Q. I am in my early 30's. Everyone, including me, seems to be experiencing extreme stress. What is causing the epidemic?

Q. I am in my early 30s. Everyone, including me, seems to be experiencing extreme stress. What is causing the epidemic?

A. The American Psychological Association recently issued its annual report on stress in America. Surprisingly, the researchers discovered that levels for most Americans were down from the last year with the exception of the Millennial generation, those ages 18-33.

Researchers speculate that heightened stress levels in young adults are due to the economic collapse and the high expectations that many parents place on their children to be successful. Young adulthood is a time when people are graduating, establishing careers, finding partners, getting married, and often starting families. They may have student loans to be repaid, and that glorious first job with the $80,000 salary did not materialize. In fact, no job may have materialized. The January 2013 statistics revealed unemployment of the Millennial generation was 13 percent. Approximately, 1.7 million young people were not counted because they have given up looking for work.

In lower-income areas of the country, reasons for increased stress for the Millennial generation may be entirely different. Many girls have children in their teen years, so it is not unusual for someone 30 to be the mother of a 15 or 16 year old. The stress on a young parent just to earn a living, to deal with her teenage children, and to attempt to find direction in her own life can be overwhelming. If her daughter has children at 15 or 16, the stress is multiplied.

Although Millennials have effective ways of dealing with stress such as spending time with family and friends, they often prefer sedentary and solitary methods. Thirty-six percent of those questioned reported that they dealt with stress by eating or playing video games; 41 percent relieved stress by surfing the Internet; and 59 percent coped by listening to music.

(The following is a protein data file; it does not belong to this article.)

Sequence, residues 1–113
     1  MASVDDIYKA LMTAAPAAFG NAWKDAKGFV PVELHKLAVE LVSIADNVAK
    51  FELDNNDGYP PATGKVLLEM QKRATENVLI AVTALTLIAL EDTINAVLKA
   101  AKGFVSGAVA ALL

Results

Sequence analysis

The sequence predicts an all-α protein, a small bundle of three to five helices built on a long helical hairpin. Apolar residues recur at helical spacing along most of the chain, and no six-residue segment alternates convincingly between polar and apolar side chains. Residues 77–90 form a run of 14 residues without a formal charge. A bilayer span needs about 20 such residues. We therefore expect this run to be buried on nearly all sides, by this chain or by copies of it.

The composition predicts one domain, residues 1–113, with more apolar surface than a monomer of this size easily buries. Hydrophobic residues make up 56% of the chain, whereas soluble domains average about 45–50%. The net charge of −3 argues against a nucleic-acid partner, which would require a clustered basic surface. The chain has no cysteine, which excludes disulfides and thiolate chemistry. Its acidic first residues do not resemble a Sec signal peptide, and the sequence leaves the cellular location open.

To alleviate some of the stress in your life, get out into your world and network; it may offer future benefits in terms of both careers and relationships. It is also important to choose less sedentary methods of stress reduction: exercise, do volunteer work, or participate in activities at your church or school. As your life stabilizes, your stress level will likely begin to decrease.

Q. I visited my cousins on the East Coast recently. Their lives seemed full of stress. When I came home to the South, my friends seemed much calmer. Is there any truth to my observation?

A. You are correct. People in the South report less stress than those living in the East. That is the good news. The bad news is statistically Southerners manage stress less effectively than those living elsewhere. While those on the East Coast say their three most effective methods of managing stress are walking, listening to music and reading, Southerners mention eating as their number one stress management technique.

According to the latest research, eating to manage stress rose from 20 percent in 2010 to 27 percent in 2012 in the Southern region. If this continues, within less than 5 years over 40 percent of Southerners will use eating as the major method of managing daily stress. This trend is especially alarming since a majority of Southerners (69 percent) have been diagnosed with a health condition that is often related to obesity.

Southerners are also less likely to seek help for stress. Although over 40 percent of people in the South believe that a mental health professional could assist them in stress management, only 4 percent have actually seen a psychologist or counselor.

There may indeed be less stress in the South, but we must find more effective ways of dealing with it. For more information about stress management for all ages and in all areas of the US, go to www.apa.org/news/press/release/stress/2012.

Nancy Ryburn holds a doctorate degree in psychology from Yeshiva University in New York City where she maintained a private practice for several years. If you have questions, e-mail them to drnryburn@gmail.com. The questions will not be answered personally, but could appear in a future column. There will be no identifying information and all e-mails remain confidential.